Have you considered growing your market globally? This option might once have been limited to large corporate organizations, but cross-border ecommerce is now within the reach of almost any size or type of business.
In 2021 global internet penetration is almost 60% with 4.66billion active internet users. You can reach almost anywhere in the world via ecommerce.
While ecommerce growth in 2020 was an unprecedented 27%, in 2021 it is still expected to be more than 14%, representing a compelling opportunity. With the global economy predicted to grow by 4% this year, there are reasons to be optimistic.
Why sell globally?
Moving into overseas markets will allow your brand and your products to reach new customers and you can increase sales.
By the close of 2020, 1.4 billion people entered the global ‘middle class’ with money to spend, with the majority (85%) in the Asia Pacific region. If you are looking for expansion opportunities then you should certainly be looking to the East.
During the coronavirus pandemic many wholesalers, manufacturers and distributors started selling directly to their end users and customers in response to the pressure on their onward supply chain. Having moved to online selling, the next step into cross-border markets is easier to contemplate.
Importantly, you can protect your business from uncertainty by creating flexibility to access those markets that recover first and fastest as we move ahead from the pandemic. You will also add a level of protection against uncertainty in your home market.
With changing work patterns, you also have the opportunity to employ a high-calibre team in your new market that can be fully integrated with the rest of your organization.
Planning for international ecommerce
If international selling is new for your business, you might want to start with a limited number of products and one or two key markets.
Research – your starting point will be research to identify who your international customers could be, which products will interest them, how people shop and which countries they buy from.
You might already have some of this information if you accept orders from overseas, even if you’re not yet actively selling to these markets.
You might discover, for example, that there’s much more international online buying in smaller countries where choice is limited. You can find useful resources on the PasPort site.
Payments – another consideration will be how to handle international payments because this is a key point in your customer’s journey. You won’t want to create barriers that might cause them to abandon their purchase.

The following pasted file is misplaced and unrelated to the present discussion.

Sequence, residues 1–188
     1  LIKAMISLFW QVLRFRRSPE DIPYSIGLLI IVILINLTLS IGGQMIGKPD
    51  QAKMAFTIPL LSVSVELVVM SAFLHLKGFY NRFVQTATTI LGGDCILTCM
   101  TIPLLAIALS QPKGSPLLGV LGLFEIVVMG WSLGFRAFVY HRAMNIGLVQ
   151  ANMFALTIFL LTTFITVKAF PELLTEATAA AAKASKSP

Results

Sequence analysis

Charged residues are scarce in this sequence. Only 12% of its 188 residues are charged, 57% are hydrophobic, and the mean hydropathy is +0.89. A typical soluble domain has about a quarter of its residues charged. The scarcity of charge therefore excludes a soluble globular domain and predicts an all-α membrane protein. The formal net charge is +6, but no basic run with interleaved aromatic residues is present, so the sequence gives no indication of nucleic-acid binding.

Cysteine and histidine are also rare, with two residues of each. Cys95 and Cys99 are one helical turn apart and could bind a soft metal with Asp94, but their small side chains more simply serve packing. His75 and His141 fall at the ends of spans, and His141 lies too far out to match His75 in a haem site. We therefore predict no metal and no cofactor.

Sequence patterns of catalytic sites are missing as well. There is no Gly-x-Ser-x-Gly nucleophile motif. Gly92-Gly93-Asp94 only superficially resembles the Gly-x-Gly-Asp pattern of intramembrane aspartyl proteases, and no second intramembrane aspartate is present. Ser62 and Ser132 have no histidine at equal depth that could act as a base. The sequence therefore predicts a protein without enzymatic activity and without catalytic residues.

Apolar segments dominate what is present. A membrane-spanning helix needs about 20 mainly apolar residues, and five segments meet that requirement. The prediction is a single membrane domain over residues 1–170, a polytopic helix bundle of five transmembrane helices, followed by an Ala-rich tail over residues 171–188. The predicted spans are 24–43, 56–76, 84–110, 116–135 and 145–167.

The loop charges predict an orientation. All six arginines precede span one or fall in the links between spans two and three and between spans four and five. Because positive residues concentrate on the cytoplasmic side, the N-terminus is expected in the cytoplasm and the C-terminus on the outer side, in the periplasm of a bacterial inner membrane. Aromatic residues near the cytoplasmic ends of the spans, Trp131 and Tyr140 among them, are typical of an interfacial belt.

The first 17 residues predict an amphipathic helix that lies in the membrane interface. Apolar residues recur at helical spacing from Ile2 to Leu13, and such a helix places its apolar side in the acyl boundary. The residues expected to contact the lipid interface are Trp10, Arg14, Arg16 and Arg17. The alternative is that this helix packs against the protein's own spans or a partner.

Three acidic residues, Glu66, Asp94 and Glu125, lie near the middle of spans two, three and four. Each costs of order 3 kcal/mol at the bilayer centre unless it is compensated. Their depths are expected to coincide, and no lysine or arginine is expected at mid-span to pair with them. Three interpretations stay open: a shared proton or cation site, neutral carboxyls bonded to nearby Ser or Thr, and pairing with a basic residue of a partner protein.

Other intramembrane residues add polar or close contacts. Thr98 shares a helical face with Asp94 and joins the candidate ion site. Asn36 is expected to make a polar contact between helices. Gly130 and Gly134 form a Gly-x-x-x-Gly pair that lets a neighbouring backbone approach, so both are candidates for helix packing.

Preferred payment methods can be very different, depending on the country you choose. For example, it could be important to know that half of payments in the Netherlands are bank transfers via iDeal, while in Singapore more than a third of people prefer to pay online by credit card.
You can reduce abandoned carts by up to 20% by offering payment in the local currency, so it’s certainly an option worth considering.
You will also want to choose a payment provider with a good reputation for international payments that offers good security, purchase protection and ease of use across multiple devices.
Market access – when you enter a new market you can start by selling on an existing online marketplace, you can update your current website, or set up a local web presence.
You can update your existing website simply to show that you accept international orders, with information about the countries you serve and shipping costs. When you have established that there’s demand, you can go on to list products in local currencies for visitors with overseas IP addresses, and add a multi-language option.
If you’re ready to make an immediate investment in one or more international markets you can build dedicated websites with a local domain name designed to appeal to the local audience. If you choose this route you will need to make sure translations, currency conversions and shipping costs are accurate.
Shipping – choosing the right international shipping options will allow you to operate efficiently in overseas markets. The simplest option is to work with a global fulfilment company so that you can benefit from their experience and network.
Local shippers in your new market can also help you to compete with other local businesses.
Work with experts
Williams Commerce is a recognized partner for global ecommerce providers including Magento, BigCommerce and Shopify Plus and we work with ecommerce businesses around the world. Our ecommerce consultancy team will be happy to discuss your plans for global growth, so please get in touch.